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Pulsatile cerebrospinal fluid and plasma ghrelin in relation to growth hormone secretion and food intake in the sheep.

Abstract : As in other species, exogenous administration of ghrelin, an endogenous ligand for the growth hormone (GH) secretagogue receptors can stimulates feeding behaviour and GH secretion in the sheep. However, the importance of endogenous ghrelin for these two functions as well as its central or peripheral origin remained to be established. In the present study, cerebrospinal fluid (CSF) ghrelin concentrations were measured in five anoestrous ewes and found to be more than 1000-fold lower than circulating plasma levels, in keeping with the even lower concentration in hypothalamic compared to abomasum tissue extracts. Cluster analysis indicated that CSF ghrelin levels were markedly pulsatile, with a greater number of peaks than plasma ghrelin. Pulsatility parameters were closer for GH and CSF ghrelin than between GH and plasma ghrelin. Plasma ghrelin and GH levels were significantly correlated in three out of five ewes but CSF ghrelin and GH in one ewe only. Half of the CSF ghrelin episodes were preceded by a ghrelin peak in plasma with a 22-min delay. Cross-correlations between plasma GH and plasma or CSF ghrelin did not reach significance but a trend towards cross-correlation was observed from 20 to 0 min between plasma and CSF ghrelin. At 09.00 h, when food was returned to ewes, voluntary food intake did not elicit a consistent change in plasma or CSF ghrelin levels. By contrast, a peripheral ghrelin injection (1 mg, i.v.) immediately stimulated feeding behaviour and GH secretion. These effects were concomitant with a more than ten-fold increase in plasma ghrelin levels, whereas CSF ghrelin values only doubled 40-50 min after the injection. This suggests that peripherally-injected ghrelin crosses the blood-brain barrier, but only in low amount and with relatively slow kinetics compared to its effects on GH release and food intake. Taken together, the results obtained in the present study support the notion that, in the ovariectomised-oestradiol implanted sheep model, peripheral ghrelin injection rapidly induces GH secretion, and feeding behaviour, probably by acting on growth hormone secretagogue receptor subtype 1 located in brain regions in which the blood-brain barrier is not complete (e.g. the arcuate nucleus).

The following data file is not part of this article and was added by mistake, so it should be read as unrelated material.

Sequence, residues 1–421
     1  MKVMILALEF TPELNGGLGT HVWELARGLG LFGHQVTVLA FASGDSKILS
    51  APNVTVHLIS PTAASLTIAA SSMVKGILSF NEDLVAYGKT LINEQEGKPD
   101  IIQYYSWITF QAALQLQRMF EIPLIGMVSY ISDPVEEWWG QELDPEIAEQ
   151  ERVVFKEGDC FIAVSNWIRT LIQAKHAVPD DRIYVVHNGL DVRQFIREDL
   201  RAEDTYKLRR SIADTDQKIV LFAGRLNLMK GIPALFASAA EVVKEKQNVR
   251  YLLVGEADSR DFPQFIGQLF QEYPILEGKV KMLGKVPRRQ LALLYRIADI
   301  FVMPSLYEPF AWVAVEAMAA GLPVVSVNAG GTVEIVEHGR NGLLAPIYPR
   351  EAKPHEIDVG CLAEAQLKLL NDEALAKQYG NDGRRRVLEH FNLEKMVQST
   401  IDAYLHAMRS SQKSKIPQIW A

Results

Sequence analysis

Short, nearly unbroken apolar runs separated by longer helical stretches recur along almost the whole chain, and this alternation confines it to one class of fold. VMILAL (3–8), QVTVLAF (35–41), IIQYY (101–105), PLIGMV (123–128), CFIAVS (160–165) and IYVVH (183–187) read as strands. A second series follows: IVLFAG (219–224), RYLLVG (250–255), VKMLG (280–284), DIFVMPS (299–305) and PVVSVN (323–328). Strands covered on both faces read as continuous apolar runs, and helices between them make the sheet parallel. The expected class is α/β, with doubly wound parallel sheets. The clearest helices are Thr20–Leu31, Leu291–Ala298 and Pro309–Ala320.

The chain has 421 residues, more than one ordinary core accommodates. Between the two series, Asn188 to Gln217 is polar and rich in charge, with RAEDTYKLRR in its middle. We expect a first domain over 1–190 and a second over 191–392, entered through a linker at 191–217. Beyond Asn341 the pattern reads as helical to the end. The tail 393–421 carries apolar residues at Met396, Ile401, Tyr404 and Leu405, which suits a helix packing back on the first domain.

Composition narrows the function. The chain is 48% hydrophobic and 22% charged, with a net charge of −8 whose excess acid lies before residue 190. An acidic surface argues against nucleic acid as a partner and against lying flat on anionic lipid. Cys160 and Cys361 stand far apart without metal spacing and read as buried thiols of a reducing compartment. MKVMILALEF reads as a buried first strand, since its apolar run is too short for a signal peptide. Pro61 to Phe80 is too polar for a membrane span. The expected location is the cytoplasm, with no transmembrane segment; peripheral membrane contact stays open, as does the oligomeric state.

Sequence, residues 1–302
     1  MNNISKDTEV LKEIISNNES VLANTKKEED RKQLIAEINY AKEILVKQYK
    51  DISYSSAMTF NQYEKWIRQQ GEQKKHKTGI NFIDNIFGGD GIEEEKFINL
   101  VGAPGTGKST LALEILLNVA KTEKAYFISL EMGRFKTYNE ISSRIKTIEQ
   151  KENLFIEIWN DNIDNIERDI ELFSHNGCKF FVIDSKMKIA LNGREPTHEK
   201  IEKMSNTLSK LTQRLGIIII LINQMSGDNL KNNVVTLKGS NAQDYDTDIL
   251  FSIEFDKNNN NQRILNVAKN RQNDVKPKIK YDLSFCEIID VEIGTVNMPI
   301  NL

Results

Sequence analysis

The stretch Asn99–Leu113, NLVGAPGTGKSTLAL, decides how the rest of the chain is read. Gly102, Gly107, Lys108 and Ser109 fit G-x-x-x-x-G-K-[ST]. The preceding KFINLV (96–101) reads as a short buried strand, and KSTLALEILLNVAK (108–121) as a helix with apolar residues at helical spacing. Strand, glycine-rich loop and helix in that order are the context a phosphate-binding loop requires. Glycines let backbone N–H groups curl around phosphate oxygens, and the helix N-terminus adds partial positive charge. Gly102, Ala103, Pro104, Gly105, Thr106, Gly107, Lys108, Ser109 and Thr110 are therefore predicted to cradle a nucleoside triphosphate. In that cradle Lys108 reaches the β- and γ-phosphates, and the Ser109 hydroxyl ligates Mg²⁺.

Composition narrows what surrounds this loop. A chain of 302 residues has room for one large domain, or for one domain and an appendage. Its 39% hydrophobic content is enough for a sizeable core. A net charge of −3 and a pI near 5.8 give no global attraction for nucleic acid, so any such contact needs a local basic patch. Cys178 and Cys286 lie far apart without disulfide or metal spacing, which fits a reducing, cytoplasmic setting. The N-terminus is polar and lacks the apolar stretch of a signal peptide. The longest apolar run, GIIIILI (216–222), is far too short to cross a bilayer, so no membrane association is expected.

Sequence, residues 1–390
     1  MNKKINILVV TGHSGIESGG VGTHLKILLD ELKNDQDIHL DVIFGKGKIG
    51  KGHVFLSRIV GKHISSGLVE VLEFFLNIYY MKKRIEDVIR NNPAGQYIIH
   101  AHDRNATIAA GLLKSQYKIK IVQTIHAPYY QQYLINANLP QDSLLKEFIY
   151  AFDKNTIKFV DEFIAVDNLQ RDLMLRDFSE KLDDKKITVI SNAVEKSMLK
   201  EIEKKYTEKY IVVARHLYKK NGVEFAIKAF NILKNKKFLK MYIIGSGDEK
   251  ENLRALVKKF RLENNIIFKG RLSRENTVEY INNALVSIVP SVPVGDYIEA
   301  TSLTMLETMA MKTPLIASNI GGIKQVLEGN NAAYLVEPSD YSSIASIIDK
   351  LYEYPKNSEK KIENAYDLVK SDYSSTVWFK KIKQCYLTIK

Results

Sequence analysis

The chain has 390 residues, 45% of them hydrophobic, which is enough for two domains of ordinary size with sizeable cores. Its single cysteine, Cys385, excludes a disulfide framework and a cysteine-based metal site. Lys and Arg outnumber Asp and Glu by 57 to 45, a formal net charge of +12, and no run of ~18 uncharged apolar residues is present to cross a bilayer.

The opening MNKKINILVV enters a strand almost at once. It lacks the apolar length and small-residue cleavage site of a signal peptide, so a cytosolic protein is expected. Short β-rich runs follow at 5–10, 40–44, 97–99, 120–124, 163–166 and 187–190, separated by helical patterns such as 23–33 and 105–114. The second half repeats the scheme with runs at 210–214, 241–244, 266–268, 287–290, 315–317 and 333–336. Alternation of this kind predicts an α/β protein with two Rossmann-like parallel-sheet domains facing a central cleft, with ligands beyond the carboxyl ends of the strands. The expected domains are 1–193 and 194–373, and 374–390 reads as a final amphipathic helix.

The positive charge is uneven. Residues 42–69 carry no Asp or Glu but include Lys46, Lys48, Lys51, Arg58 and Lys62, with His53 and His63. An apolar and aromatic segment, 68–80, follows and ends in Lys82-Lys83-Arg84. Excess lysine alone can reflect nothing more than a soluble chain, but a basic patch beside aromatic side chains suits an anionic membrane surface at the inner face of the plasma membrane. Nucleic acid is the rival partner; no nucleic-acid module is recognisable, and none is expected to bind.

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Contributor : Dominique Grouselle <>
Submitted on : Saturday, December 20, 2008 - 7:00:13 AM
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Dominique Grouselle, Elodie Chaillou, Alain Caraty, Marie-Thérèse Bluet-Pajot, Philippe Zizzari, et al.. Pulsatile cerebrospinal fluid and plasma ghrelin in relation to growth hormone secretion and food intake in the sheep.. Journal of Neuroendocrinology, Wiley, 2008, 20 (10), pp.1138-46. ⟨10.1111/j.1365-2826.2008.01770.x⟩. ⟨inserm-00314040⟩



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